Texans face serious truck accident risk

Dallas County was second only to Harris County for the most number of 2013 truck accident fatalities in Texas.

Texas residents know that sharing the roads with large commercial vehicles such as tractor-trailers is dangerous. That reality is confirmed by statistics reported by the National Highway Traffic Safety Administration. In 2013, 536 people were killed in vehicle accidents involving large trucks.

A review of county-specific data shows that only one county experienced more of these deaths than did Dallas County. Information includes the following:

  • In Harris County, 26 truck accident fatalities happened.
  • In Dallas County, 14 truck accident fatalities happened.
  • In Midland and Tarrant Counties, 13 truck accident fatalities happened each.
  • In Bexar County, 11 truck accident fatalities happened.

Webb and Moore Counties each lost 10 people in truck accidents that year.

For Dallas County, the 14 fatalities are concerning even though they represent a lower number of deaths in truck accidents than what occurred in the prior four years. Between 2009 and 2012, Dallas County experienced 16, 18, 20 and 15 truck fatalities, respectively.

Knowing that every life is precious, it is clear that more effort to improve safety on the part of the trucking industry is needed. While some efforts are being made there are complications along the way.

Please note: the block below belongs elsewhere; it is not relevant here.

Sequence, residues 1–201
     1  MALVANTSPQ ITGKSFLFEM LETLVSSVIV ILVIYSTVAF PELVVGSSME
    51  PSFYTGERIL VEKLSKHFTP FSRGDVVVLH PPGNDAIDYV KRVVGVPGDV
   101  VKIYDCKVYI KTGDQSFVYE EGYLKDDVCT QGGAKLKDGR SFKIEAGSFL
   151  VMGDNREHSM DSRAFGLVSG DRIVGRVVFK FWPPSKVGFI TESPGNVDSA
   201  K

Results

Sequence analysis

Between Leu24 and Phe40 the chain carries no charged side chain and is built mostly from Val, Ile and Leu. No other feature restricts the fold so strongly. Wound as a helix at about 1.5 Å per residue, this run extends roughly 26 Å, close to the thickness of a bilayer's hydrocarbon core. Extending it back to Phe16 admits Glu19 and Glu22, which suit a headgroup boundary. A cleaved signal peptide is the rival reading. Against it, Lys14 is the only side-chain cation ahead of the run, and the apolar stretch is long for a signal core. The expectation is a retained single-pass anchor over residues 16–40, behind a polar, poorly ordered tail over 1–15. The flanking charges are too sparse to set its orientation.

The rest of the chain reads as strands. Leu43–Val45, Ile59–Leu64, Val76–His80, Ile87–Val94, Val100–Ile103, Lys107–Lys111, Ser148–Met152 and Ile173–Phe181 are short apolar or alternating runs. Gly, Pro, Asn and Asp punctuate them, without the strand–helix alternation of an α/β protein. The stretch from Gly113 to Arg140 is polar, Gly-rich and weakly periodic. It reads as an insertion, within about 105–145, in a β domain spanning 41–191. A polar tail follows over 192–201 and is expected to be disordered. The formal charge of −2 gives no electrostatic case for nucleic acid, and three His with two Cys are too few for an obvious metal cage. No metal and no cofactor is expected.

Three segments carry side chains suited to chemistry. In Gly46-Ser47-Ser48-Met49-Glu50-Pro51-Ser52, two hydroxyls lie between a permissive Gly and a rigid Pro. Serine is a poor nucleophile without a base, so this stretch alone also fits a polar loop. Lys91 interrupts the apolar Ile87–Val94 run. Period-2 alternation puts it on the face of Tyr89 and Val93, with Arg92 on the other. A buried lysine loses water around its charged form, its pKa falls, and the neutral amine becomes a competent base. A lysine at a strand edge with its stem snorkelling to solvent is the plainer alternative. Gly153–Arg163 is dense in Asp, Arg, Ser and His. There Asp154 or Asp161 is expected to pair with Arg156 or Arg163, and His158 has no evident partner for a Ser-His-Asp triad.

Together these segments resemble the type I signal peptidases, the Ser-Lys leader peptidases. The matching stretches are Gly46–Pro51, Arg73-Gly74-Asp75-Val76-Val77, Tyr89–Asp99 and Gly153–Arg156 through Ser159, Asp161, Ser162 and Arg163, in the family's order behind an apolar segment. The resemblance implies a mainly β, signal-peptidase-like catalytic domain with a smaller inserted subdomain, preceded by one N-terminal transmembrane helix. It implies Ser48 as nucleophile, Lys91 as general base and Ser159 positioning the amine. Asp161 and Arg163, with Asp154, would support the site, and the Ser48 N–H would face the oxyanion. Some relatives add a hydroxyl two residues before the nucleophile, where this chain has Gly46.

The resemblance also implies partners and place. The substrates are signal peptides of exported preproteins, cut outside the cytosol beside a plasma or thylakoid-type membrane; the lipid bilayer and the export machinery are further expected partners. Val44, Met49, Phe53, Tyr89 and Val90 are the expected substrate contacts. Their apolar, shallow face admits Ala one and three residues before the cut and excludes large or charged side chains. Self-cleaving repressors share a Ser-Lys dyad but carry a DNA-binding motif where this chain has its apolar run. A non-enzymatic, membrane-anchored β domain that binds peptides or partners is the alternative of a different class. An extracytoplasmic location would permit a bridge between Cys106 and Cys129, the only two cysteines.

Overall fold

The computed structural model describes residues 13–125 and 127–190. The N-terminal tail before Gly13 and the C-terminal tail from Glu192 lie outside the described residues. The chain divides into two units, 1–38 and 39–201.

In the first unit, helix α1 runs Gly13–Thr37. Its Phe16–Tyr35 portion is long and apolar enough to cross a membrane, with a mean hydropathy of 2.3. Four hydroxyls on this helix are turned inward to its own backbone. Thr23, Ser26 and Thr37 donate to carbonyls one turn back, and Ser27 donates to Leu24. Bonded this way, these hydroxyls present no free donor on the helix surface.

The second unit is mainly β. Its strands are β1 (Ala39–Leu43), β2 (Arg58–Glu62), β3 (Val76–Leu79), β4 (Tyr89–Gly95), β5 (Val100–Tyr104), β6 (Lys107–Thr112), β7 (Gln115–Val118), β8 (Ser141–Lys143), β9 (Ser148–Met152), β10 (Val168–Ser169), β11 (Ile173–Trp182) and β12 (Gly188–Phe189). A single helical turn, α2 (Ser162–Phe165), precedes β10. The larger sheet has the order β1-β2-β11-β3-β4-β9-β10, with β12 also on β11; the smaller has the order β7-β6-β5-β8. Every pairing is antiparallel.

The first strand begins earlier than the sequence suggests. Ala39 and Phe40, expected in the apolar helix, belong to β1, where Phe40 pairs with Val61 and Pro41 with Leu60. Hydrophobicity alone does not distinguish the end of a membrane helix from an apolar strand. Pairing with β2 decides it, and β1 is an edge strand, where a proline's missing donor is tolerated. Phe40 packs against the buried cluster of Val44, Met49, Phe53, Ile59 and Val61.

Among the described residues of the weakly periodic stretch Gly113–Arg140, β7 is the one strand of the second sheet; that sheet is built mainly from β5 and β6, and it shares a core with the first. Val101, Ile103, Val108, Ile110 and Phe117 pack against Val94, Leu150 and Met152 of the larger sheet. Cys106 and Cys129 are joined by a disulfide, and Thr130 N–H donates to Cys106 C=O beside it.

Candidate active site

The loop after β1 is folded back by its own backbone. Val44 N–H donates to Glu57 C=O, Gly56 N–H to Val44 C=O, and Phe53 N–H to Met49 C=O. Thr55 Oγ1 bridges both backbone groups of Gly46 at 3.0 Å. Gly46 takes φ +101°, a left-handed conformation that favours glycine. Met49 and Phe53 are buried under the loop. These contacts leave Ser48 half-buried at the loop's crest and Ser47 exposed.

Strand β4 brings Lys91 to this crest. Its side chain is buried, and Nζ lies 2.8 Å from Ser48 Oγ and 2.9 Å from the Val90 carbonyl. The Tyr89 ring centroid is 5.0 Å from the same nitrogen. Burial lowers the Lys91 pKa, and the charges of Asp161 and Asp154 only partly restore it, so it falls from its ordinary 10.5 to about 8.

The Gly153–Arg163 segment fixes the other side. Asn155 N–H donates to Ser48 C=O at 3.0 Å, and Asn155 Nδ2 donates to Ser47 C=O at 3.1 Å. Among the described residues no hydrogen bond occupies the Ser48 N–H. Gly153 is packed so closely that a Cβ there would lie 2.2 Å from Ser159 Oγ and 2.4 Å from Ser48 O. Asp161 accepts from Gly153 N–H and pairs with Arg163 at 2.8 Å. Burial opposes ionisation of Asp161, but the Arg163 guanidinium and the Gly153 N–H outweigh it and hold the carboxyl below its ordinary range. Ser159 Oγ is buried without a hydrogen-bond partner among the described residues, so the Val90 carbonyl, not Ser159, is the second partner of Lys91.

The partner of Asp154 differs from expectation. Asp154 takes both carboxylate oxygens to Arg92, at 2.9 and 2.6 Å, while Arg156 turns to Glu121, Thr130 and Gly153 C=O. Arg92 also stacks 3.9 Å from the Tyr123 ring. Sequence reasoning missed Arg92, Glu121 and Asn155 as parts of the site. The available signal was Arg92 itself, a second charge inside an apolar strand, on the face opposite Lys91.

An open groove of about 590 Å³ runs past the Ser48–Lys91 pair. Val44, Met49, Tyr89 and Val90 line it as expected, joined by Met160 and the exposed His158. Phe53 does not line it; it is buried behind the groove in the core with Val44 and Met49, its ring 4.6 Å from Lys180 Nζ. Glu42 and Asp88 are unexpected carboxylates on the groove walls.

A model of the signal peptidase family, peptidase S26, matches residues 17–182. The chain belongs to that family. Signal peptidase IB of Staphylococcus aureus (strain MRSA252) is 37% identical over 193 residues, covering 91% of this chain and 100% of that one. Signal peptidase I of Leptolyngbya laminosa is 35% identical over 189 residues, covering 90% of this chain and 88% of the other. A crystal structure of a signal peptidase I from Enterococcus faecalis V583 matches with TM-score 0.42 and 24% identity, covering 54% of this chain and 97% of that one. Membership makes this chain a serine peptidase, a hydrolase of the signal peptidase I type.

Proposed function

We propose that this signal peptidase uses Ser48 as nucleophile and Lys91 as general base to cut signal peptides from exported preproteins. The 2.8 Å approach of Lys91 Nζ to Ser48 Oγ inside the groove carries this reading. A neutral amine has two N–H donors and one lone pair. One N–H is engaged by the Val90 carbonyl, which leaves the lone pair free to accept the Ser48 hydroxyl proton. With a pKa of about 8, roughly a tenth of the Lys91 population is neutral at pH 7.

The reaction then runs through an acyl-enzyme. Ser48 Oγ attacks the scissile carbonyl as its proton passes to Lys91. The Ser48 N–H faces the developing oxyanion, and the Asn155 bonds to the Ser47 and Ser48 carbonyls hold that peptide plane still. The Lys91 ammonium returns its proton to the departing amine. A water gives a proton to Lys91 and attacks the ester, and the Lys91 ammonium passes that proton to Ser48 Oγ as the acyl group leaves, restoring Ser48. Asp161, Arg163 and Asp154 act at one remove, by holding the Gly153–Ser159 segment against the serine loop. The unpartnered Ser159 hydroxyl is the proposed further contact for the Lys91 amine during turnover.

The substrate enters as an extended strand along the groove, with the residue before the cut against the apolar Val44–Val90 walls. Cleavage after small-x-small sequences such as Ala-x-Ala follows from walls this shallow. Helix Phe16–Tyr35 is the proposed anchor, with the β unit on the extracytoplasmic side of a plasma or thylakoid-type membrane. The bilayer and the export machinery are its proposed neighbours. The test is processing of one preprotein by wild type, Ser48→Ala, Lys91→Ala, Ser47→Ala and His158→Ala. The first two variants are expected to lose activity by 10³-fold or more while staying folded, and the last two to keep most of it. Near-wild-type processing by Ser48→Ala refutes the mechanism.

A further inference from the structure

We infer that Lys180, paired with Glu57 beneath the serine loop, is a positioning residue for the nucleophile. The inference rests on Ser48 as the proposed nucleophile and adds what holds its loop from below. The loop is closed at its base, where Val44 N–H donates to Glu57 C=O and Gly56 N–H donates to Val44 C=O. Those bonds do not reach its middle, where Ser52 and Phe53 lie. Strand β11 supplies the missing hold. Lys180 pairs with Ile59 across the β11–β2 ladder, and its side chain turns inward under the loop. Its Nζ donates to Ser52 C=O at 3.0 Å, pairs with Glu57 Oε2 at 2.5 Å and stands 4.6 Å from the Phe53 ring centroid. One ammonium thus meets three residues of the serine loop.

Consensus not reached regarding how to target fatigue

The trucking industry has been divided on how best to reduce truck driver fatigue. Congress has even put a stay on a rule initiated in 2013 by the Federal Motor Carrier Safety Association according to Supply Chain Digest. The rule cut the number of allowable driving hours per week and instituted new requirements for break times. The intention was to reduce fatigue among drivers.

OverdriveOnline.com indicates that if the FMCSA has not collected enough information by the end of September, the stay could last longer than originally planned.

Plan to address impairment underway

While the industry has not yet settled on how to address the issue of truck driver fatigue, progress is being made on an initiative to tackle impaired driving. The Commercial Carrier Journal provides information on a database that will be used to collect specific drug and alcohol data on all drivers.

Before being hired, drivers must pass substance testing. All employers must perform a full review of all database records on drivers. Other reviews will be required on an annual basis.

In addition to this effort, the FMCA will continue to perform substance tests of drivers on a random basis. Bulk Transporter reports this decision was made because the number of tests being failed has increased recently.

Will Texas roads become safer?

It is hard to know at this point how much safer Texans will be due to these efforts. The reality of truck accidents is likely to remain. For this reason, all people should know that contacting a lawyer after a truck accident is an important step toward receiving compensation.